Somehow, SpiceDAO managed to raise €2.66 million (about $3 million) to buy the storyboard for Alejandro Jodorowsky's never-made Dune adaptation. In a celebratory tweet the group wrote, "We won the auction for €2.66M. Now our mission is to: 1. Make the book public (to the extent permitted by law) 2. Produce an original animated limited series inspired by the book and sell it to a streaming service 3. Support derivative projects from the community". They were quickly informed that buying the physical book did not somehow confer to them copyright or licensing rights (much like how buying an NFT does not automatically confer you the rights to the underlying artwork!). You'd think they might have checked that first.
Shortly after it was discovered that the images used for the NFT project "InvertedCulture" were nothing more than unauthorized flipped copies from a different NFT project, DNA Cultura, the creator deleted the project's Twitter account and transferred funds out of the project. Simultaneously, another project called "MadHashers" also deleted their Twitter account and drained funds. It didn't take long for people to realize that the money from both projects was going to the same account, suggesting that that the same person was behind both scams.
Eight people were arrested in China after being connected to a rug pull. One investor lost ¥590,000 ($90,000) he had poured into the token in June, when project owners took the website offline and pulled all of the money out. A total of ¥50 million (a bit below $7.9 million) was lost to the scam.
Lack of liquidity in the Uniswap V3 FLOAT/USDC oracle allowed an attacker to manipulate the prices within the pool, then deposit it at a much higher rate. The hacker pulled about 350 ETH (equivalent to $1.1 million) out of the pool, though according to PeckShield they later returned around $250,000 for some reason.
Troy Baker, the voice actor behind video game characters in The Last of Us, Far Cry, and various Batman games, announced he would be partnering with "voice NFT" company Voiceverse. Voiceverse is pretty vague as to what it's actually offering, but it has something to do "provid[ing] you an ownership to a unique voice in the Metaverse". Baker's announcement tweet ended, "You can hate. Or you can create. What'll it be?", which didn't seem to help with the already-negative reaction to the idea. Things were further soured when it was revealed that Voiceverse had stolen work without crediting it from a computer-generated voice project called 15.ai. Voiceverse subsequently apologized for the theft, and Baker acknowledged that his initial tweet "might have been a bit antagonistic".
fees.wtf, a platform allowing people to see how much money a given cryptocurrency wallet has spent in gas fees, decided it was time to release their own token, and promised to follow it up with NFTs. They tempted people with an initial airdrop, where people recruited their friends in exchange for more "WTF" tokens. However, with a small initial liquidity pool and trading bots quickly entering the fray, enormous volatility led to absolute chaos. Some traders who were unfamiliar with setting up tolerances for slippage found their orders executed for substantially less than expected, with one user trading 42 ETH ($135,000) for what ended up being less than 1¢ of WTF. Edward Ongweso Jr wrote for Vice, "Like so many other crypto projects, it was so poorly planned, capitalized, and executed, that it's almost indistinguishable from a scam."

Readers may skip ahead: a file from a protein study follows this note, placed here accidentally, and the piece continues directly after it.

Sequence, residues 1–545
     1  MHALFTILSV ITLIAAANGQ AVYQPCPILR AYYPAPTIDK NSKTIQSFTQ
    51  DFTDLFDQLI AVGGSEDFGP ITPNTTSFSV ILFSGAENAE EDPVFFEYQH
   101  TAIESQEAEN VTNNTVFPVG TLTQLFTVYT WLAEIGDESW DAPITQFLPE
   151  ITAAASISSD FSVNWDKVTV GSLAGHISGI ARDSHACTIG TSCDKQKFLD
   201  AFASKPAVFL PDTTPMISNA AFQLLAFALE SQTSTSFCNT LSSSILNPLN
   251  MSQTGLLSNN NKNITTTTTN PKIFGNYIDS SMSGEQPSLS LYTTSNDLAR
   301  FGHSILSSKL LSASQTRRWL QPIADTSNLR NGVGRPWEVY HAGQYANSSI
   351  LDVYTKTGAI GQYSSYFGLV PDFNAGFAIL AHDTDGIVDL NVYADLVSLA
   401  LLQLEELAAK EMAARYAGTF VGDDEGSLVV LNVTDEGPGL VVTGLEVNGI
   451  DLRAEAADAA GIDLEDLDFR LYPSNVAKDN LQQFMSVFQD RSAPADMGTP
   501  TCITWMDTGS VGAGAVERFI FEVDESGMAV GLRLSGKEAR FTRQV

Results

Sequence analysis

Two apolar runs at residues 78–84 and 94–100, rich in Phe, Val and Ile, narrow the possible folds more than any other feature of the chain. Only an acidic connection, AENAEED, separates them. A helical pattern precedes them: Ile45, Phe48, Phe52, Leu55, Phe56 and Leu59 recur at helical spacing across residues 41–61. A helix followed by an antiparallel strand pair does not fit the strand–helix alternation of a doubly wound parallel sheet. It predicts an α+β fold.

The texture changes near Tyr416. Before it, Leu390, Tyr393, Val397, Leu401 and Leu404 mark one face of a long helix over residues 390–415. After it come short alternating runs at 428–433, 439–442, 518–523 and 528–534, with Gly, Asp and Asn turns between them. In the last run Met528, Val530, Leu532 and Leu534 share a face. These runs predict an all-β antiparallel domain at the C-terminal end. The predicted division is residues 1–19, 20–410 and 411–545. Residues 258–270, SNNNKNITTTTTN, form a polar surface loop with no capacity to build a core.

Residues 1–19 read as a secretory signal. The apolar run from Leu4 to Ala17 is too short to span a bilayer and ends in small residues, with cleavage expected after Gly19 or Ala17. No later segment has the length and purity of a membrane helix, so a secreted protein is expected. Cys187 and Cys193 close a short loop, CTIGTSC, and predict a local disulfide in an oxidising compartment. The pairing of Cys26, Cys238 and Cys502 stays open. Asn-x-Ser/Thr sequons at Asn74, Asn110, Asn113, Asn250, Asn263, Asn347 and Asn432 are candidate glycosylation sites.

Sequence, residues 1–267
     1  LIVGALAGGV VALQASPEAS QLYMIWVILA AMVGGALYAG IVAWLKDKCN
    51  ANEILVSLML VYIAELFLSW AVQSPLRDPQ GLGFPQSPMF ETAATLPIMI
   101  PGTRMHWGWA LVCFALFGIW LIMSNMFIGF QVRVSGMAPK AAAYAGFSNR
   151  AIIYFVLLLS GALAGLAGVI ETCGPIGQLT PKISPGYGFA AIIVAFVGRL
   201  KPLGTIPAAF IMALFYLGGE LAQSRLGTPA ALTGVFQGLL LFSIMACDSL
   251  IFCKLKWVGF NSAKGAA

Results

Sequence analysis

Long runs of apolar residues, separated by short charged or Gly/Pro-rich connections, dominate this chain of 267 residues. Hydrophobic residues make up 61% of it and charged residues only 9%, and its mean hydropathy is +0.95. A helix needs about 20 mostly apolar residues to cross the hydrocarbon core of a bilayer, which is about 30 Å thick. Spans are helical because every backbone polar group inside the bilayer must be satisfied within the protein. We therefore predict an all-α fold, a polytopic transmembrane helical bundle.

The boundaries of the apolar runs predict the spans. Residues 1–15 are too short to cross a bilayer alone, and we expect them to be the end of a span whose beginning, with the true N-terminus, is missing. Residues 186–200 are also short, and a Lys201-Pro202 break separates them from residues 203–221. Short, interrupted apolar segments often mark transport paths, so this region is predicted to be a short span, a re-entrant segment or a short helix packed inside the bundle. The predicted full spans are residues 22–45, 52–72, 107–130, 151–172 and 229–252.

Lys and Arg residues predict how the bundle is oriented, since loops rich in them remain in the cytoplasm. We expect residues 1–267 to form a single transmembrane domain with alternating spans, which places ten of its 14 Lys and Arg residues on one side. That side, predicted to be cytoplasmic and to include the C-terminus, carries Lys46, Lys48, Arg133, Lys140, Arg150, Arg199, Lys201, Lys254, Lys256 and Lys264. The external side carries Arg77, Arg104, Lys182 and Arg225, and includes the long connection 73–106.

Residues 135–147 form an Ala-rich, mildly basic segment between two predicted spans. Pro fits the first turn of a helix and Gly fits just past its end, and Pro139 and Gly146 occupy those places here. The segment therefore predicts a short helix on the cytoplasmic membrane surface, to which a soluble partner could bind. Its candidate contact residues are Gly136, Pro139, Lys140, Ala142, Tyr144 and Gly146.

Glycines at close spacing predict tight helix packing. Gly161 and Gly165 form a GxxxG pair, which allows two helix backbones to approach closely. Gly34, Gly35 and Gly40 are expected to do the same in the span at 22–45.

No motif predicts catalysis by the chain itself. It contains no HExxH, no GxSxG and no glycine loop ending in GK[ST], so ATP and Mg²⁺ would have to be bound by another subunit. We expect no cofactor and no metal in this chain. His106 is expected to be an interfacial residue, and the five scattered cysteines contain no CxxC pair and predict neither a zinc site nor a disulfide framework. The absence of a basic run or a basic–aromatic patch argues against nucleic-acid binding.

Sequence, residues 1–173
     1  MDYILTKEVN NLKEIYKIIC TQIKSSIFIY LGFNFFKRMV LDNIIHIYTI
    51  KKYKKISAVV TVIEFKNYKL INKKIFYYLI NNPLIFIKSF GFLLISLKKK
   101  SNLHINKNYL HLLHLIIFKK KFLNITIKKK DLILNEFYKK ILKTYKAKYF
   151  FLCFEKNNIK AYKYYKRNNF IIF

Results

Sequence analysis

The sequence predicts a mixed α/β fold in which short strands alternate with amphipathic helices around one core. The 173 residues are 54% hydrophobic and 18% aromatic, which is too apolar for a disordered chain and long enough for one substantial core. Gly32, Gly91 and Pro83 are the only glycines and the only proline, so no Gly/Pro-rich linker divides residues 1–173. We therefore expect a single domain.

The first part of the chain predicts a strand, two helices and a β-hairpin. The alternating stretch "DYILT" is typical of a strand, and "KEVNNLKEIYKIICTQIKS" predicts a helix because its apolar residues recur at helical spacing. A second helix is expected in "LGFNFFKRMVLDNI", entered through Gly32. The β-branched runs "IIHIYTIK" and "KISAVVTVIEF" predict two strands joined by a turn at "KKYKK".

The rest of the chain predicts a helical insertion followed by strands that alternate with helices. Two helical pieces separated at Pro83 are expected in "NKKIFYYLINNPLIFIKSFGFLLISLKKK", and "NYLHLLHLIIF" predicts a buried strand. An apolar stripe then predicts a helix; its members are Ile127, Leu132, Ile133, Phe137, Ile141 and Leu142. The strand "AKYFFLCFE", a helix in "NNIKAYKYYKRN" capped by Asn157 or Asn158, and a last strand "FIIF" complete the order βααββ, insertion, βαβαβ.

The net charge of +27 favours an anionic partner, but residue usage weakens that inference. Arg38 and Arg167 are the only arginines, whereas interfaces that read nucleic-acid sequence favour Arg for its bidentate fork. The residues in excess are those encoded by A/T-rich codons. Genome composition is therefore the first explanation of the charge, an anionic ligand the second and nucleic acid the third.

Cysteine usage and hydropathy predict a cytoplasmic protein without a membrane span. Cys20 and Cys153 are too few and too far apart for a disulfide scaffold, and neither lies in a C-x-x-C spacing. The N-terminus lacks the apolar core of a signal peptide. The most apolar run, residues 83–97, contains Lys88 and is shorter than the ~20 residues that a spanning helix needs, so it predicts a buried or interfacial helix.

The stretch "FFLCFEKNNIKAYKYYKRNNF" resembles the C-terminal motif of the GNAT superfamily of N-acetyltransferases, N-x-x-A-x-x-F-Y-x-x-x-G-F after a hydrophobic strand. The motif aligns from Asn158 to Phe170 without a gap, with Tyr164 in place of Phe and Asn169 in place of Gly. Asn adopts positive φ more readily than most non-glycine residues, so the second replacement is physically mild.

Global Game Jam, an annual event where people collaborate to make video games, proudly plugged The Sandbox as their "primary headline sponsor" on Twitter. The Sandbox is a platform for selling game assets on the Ethereum blockchain. After swift backlash, GGJ deleted the tweet and deleted references to blockchains from The Sandbox's description in their sponsor list. Needless to say this didn't go unnoticed, appearing to many as an attempt to deceive their community. GGJ eventually apologized for this action, and dropped The Sandbox as a sponsor.
The creators of "Big Daddy Ape Club" rug pulled shortly after mint, deleting their social media and website and making off with around $1.2 million. The project's creators were reportedly the same as those who'd pulled off the $2 million "Baller Ape Club" rug pull in October 2021, and a $150,000 one before that.
I can safely describe most NFT marketplaces as bizarre, but the AP is really trying to top the bunch. The marketplace will provide a place for trading the NFTs they plan to create out of their journalistic photography. However, people won't be able to move the NFTs they purchase to other marketplaces (so much for decentralized). Dwayne Desaulniers, AP's Director of Blockchain & Data Licensing, attempted to shed some light on their plans via Twitter, only making things worse. "Buying an AP photo registered on the blockchain provides you with a personal license to display, print, resell the image if you wish. But is also helps reduce the economic damage from digital theft, preserves the value of a photograph and will help us fight deep fakes", he said, though basically none of these claims stand up to scrutiny, or particularly require a blockchain.
Crypto investors who bought 40 acres of land in Wyoming in hopes of "building a city on the Ethereum blockchain" lost more than $92,000 to a Discord hack. Some clever social engineering and questionable security measures on Discord's part allowed scammers to gain control of a CityDAO Discord moderator's account, then send out fake announcements about a fake "land drop". The scammer received over 29.67 ETH (about $92,000).